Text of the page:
Determinants of access and use of contraceptives among youth with disabilities in Nakawa Division Kampala
Diri, Anika Grace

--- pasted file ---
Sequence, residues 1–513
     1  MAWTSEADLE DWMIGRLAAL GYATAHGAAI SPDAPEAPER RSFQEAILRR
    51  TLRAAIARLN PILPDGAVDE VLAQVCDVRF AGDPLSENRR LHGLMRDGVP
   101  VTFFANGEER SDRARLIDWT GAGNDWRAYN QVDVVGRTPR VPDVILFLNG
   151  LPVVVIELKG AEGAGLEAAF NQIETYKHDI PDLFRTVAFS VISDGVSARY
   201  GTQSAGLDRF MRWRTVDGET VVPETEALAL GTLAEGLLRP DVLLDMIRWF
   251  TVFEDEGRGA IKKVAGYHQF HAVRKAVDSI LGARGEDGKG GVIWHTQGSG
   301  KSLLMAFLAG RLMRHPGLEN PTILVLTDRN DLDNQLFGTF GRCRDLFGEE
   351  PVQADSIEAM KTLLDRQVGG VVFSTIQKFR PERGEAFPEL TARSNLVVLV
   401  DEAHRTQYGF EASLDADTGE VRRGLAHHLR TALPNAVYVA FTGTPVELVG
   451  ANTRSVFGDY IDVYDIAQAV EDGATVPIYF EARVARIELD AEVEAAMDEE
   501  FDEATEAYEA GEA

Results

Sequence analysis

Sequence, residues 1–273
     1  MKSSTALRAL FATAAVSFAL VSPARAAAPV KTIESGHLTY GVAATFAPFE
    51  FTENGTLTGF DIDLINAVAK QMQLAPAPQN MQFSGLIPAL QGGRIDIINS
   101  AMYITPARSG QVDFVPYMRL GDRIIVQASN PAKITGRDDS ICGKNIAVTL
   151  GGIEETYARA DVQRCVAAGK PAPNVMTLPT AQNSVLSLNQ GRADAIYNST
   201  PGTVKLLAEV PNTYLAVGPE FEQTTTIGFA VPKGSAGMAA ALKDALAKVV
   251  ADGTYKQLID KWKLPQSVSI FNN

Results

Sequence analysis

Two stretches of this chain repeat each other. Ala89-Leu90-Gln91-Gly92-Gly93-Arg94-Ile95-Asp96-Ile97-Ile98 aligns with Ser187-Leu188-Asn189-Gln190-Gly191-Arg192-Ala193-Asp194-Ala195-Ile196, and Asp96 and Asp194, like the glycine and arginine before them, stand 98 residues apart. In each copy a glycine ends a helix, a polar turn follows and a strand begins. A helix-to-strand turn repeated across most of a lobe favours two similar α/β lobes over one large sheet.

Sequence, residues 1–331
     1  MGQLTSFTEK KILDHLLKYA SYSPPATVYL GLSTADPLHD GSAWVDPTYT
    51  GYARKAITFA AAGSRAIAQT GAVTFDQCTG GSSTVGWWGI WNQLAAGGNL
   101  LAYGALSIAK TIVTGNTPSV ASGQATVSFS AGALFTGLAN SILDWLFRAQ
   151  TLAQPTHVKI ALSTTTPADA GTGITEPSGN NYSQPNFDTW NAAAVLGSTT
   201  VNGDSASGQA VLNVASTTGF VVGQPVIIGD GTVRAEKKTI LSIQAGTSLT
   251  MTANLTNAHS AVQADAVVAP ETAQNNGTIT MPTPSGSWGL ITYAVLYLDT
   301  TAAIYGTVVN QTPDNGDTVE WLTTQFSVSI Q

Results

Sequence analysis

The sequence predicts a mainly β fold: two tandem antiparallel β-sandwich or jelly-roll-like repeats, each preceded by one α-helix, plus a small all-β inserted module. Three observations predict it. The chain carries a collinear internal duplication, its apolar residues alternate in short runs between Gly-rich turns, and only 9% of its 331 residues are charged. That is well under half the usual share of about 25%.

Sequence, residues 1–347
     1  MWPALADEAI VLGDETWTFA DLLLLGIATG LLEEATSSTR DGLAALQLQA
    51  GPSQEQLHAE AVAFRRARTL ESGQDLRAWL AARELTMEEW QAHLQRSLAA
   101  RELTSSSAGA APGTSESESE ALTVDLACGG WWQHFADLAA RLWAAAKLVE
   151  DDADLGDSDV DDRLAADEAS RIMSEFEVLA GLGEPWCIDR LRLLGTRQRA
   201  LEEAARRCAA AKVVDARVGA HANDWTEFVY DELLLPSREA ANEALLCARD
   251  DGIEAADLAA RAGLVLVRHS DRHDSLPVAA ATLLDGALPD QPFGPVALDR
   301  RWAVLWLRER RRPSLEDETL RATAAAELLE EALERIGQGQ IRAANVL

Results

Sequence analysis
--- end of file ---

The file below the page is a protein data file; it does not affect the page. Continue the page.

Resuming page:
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Introduction: Sexual and Reproductive Health (SRH) of the Youth with Disabilities (YWDs) remains a relatively new and sensitive area mainly due to restrictive norms and policies guiding the services. In Uganda while guidelines on access and use in this population exist, the access and use of contraceptives as a sexual and reproductive component among YWDs is limited, yet no adequate literature documents this gap. This study aimed to establish the determinants of access and use of contraceptives among YWDs in Nakawa division to generate information that may be used to develop interventions to ensure holistic provision of sexual and reproductive services. Methodology: A cross-sectional study that employed both quantitative and qualitative data collection methods was conducted. Data were collected from 218 YWDs using questionnaires and in-depth interviews held with six YWDs in Nakawa division. Consecutive sampling combined with purposive sampling was used to select the YWDs aged 15 to 24 years. Results: Results showed that discussion about contraceptives with support groups in the community predicted contraceptives access (AOR =5.29; 95% CI: 1.67-16.84; p = 0.005) and contraceptives use (AOR=4.40; 95% CI: 1.66-11.69; p= 0.003). The age (AOR= 0.45; 95% CI: 0.24-0.84; p= 0.012) and socio-economic status (AOR =0.29; 95% CI: 0.10-0.86; p = 0.026) were the others determinants of contraceptives use among YWDs. In addition, physical inaccessibility and negative health worker attitude were setbacks to contraceptive access as well as general lack of knowledge on how to use contraceptives. Conclusions and Recommendations: Moral support from friends in form of discussions, age, socio economic status and distance to the nearest health facility were determinants of access and use of contraceptives among YWDs. Physical inaccessibility, negative health worker attitude, challenging experiences were experiences encountered by YWDs during access and use of contraceptives. Also being protective and good for child spacing were some of the good experiences of youth with disabilities. Recommendations: The Civil Society Organizations concerned with persons with disabilities should advocate for appropriate designing and construction of health facilities. The leaders of YWDs should design approaches that promote group formation in their normal operations as a way of helping YWDs increase access to contraceptives. In addition, the administration of health facilities should design and institute counseling and training sessions aimed at changing the attitudes of health workers towards YWDs if the access and use of contraceptives among YWDs is to be promoted.